Passing Through: The End-of-Life Decisions of Lesbians and Gay Men

Description

111 pages
Contains Bibliography
$14.95
ISBN 1-55266-117-2pa
DDC 306.84'8

Year

2003

Contributor

Reviewed by Ian C. Nelson

Ian C. Nelson is librarian emeritus and former assistant director of
libraries at the University of Saskatchewan Library. He is also
dramaturge for the Festival de la Dramaturgie des Prairies.

Review

Remarkably up-to-date, Jeanette Auger’s book eschews the confessional
issues presented as moral imperatives in the same-sex marriage debate
while diligently bringing to the fore the humanitarian issue of
equality. With its many references to websites for information and
(partisan) opinions, it promises to remain current.

Auger, who teaches sociology at Acadia University, bases her study on a
questionnaire distributed online by Gay Canada, EGALE, and Same-Sex
Marriage as well as on further online discussions, e-mail and postal
contacts, and a journal publication of the questionnaire targeting gay
men and lesbians in Ontario, British Columbia, and Atlantic Canada. She
first writes a succinct résumé of the legal realities in Canada, but
the bulk of the text gives voice to the diverse experiences and opinions
of her respondents. All point to the need for strategies to keep control
of their lives, particularly in facing inevitable death, grief, and
survivorship.

It may come as a surprise to learn, for instance, that gay men are
automatically rejected for blood or organ donation even if they have
tested HIV negative or have been in a long-term monogamous relationship.


Auger does not address the theological meaning or application of
“marriage” and is careful to point out that many gays do not feel
any need to mimic the heterosexual institution. She notes that gays and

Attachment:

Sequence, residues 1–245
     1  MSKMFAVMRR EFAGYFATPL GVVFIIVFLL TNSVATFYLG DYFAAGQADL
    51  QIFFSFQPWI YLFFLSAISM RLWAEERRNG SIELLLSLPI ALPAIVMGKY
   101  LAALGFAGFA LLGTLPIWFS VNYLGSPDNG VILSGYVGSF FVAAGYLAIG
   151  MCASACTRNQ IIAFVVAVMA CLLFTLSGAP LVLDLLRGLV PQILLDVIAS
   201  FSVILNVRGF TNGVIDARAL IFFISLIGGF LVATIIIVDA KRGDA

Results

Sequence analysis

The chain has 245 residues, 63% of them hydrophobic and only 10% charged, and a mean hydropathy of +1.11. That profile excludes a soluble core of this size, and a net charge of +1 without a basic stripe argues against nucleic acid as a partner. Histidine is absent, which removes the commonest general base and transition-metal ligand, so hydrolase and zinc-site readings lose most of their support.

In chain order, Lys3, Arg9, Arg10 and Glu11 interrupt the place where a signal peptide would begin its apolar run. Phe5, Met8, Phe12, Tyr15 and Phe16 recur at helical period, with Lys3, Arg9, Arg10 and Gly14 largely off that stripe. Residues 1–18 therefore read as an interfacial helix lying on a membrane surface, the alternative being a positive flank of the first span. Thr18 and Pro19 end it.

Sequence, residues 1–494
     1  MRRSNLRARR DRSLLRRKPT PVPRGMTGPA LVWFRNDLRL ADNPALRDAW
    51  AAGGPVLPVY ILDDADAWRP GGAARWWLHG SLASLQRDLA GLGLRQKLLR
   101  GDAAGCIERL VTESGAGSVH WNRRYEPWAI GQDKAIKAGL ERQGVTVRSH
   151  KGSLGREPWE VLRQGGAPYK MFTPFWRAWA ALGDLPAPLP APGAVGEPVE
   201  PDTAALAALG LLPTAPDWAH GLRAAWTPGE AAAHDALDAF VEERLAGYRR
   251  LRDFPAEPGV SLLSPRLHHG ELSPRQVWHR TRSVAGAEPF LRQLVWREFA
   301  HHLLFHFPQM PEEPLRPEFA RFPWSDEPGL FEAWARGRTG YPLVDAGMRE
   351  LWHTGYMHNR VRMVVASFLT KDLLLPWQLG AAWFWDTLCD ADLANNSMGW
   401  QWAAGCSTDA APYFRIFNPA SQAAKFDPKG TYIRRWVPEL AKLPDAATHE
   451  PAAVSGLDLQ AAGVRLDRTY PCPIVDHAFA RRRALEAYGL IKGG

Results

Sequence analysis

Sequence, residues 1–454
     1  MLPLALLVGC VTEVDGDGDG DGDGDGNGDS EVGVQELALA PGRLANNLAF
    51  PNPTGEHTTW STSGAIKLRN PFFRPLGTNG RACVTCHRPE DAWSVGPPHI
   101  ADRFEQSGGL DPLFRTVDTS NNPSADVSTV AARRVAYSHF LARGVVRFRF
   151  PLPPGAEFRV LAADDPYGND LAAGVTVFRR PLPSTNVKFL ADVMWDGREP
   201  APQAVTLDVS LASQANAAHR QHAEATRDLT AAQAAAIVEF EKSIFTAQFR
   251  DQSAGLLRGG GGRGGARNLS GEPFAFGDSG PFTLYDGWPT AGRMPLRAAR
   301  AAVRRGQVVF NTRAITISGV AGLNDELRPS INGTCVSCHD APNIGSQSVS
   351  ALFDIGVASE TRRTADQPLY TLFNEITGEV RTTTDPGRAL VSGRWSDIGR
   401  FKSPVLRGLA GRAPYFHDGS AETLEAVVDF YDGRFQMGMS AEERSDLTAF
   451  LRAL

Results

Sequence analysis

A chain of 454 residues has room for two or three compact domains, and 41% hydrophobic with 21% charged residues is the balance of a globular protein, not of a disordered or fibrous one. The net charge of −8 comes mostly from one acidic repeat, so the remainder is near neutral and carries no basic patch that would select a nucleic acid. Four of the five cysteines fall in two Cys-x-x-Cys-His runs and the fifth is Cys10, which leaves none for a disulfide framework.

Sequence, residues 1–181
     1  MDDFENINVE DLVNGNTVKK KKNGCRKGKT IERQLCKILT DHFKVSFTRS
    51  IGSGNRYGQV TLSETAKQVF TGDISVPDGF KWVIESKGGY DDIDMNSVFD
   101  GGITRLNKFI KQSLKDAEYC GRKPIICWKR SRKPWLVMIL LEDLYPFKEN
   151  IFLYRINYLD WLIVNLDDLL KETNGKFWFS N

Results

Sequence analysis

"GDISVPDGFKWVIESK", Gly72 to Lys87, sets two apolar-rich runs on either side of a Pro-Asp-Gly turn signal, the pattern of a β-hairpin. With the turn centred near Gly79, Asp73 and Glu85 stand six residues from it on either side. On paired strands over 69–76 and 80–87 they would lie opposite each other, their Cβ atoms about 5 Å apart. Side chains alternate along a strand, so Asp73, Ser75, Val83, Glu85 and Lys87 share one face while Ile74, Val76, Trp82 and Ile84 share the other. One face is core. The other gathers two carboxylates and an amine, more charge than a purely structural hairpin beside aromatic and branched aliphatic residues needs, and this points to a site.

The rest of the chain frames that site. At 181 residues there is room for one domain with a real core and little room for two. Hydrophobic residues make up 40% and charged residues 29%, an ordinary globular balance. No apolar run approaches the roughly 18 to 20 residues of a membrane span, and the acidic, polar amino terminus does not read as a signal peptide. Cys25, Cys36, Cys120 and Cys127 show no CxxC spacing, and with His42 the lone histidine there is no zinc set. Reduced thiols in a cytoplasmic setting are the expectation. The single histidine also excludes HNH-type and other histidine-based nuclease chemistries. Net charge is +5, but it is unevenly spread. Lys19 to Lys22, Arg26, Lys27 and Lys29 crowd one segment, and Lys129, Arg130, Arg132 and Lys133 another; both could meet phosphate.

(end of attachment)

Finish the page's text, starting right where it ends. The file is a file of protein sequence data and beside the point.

lesbians frequently live their lives separated or alienated from their
biological families, sometimes closeted even from co-workers and all but
a few trusted friends.

Social and health crises (separation, unexpected or approaching death)
often throw these constructed lives among “chosen families” into
disarray, allowing uncaring or hostile folk with legal rights to swoop
in, ignoring all personal wishes and plans: “[S]ame-sex couples have
to plan for end of life more so than heterosexual couples, in light of
the added legal documents required [even RDPs do not provide those
registered with the rights/obligations of married

couples under estate and intestate legislation].” Even making these
arrangements evokes pain, fear, or danger for many. That fact alone
speaks volumes!

Passing Through is a must-read for everyone, straight or gay, on either
side of the same-sex marriage question.

Citation

Auger, Jeanette., “Passing Through: The End-of-Life Decisions of Lesbians and Gay Men,” Canadian Book Review Annual Online, accessed June 19, 2024, https://cbra.library.utoronto.ca/items/show/18133.